Interpreters: basic-level questions

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Conceptual questions

Question 1

Describe what a "REPL" is.

REPL stands for Read-Eval-Print-Loop. The first step, Read, inolves the tokenizer and the parser — they take user input (a string) and convert it into data structures that are understood by the evaluator. The Evaluator converts those data structures into values, which are then Printed out to the screen. The loop then restarts the whole process.

Question 2

Describe what a tokenizer does.

The tokenizer takes user input (a string) and breaks it up into tokens. This is an intermediate step in the Parser.

Question 3

Explain the difference between a parser and an evaluator.

The parser converts a string of user input into an expression. The parser is not responsible for evaluating the expression — as such, the parser checks if expressions are well-formed, but not if they actually evaluate to intelligible values (e.g. in SCheme, (3 + 2) is well-formed, but doesn't evaluate to a proper value).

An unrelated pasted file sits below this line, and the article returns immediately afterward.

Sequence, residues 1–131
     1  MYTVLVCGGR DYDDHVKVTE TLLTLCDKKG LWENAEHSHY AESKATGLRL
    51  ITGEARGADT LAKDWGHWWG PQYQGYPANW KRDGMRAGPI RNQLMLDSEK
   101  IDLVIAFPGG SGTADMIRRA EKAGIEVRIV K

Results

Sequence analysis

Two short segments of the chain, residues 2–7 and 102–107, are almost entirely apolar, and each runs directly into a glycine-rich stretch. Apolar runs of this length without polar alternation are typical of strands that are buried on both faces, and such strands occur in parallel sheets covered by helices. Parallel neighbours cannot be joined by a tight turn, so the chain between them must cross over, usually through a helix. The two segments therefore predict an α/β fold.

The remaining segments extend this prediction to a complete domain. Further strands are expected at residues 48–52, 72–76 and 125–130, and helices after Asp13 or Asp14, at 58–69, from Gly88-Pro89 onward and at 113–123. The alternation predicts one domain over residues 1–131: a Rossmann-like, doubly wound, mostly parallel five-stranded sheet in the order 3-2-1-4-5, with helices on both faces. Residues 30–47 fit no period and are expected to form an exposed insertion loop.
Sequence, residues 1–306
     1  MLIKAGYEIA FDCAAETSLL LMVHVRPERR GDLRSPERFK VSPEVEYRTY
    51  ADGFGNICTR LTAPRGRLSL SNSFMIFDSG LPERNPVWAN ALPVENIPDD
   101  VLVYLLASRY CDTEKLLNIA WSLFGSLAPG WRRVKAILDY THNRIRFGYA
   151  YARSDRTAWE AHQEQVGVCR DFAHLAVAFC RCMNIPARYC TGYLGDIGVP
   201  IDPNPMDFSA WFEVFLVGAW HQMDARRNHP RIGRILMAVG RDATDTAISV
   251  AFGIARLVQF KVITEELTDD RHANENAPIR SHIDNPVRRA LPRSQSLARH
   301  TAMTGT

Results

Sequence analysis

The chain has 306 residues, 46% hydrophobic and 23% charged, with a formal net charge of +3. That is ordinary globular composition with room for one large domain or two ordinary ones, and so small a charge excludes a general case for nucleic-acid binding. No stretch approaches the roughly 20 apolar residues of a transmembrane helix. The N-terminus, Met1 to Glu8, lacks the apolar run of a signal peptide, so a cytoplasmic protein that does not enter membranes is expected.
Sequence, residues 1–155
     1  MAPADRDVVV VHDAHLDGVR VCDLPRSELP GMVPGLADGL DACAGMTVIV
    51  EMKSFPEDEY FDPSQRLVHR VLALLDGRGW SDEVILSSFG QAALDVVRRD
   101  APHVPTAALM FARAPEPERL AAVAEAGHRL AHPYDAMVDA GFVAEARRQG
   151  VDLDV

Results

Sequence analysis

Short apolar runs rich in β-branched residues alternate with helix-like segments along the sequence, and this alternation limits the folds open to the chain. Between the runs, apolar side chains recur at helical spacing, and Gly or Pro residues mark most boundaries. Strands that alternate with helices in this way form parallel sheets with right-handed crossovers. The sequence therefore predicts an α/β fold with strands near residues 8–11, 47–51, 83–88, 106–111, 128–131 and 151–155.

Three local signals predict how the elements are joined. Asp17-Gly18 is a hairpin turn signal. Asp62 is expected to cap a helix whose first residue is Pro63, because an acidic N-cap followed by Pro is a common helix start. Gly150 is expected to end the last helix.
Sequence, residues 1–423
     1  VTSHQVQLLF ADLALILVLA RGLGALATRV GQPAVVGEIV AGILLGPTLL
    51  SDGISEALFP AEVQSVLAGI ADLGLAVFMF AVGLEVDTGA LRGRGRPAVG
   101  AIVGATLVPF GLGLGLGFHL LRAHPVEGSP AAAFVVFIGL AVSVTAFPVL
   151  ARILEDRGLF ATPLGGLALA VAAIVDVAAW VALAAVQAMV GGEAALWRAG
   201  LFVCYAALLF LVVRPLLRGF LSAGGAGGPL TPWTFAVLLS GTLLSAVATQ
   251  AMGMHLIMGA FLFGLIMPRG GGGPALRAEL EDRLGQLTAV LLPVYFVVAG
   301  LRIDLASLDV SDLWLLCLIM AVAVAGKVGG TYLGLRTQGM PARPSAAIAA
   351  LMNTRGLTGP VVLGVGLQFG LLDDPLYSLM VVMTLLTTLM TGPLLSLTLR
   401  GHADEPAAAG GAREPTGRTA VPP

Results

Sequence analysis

The evaluator takes expression objects given by the Parser and evaluates it.

Question 4

The following is a list of functions and data structures from your Scheme project. For each one, label it Parser or Evaluator to describe which part of the interpreter it belongs to.

  1. do_lambda_form
  2. tokenize
  3. Buffer
  4. Frame
  5. read_tail
  6. make_call_frame
  7. scheme_eval
  8. scheme_read
  9. LambdaProcedure
  1. Evaluator
  2. Parser
  3. Parser
  4. Evaluator
  5. Parser
  6. Evaluator
  7. Evaluator
  8. Parser
  9. Evaluator

Question 5

Explain how scheme_eval and scheme_apply from the Scheme project are mutually recursive.

scheme_eval will call scheme_apply when it is evaluating function calls. scheme_apply will then create a new environment, and call scheme_eval on the body of the function. Notice that this procedure is different than the one for the Calculator language, because Calculator was simple enough not to requier mutual recursion.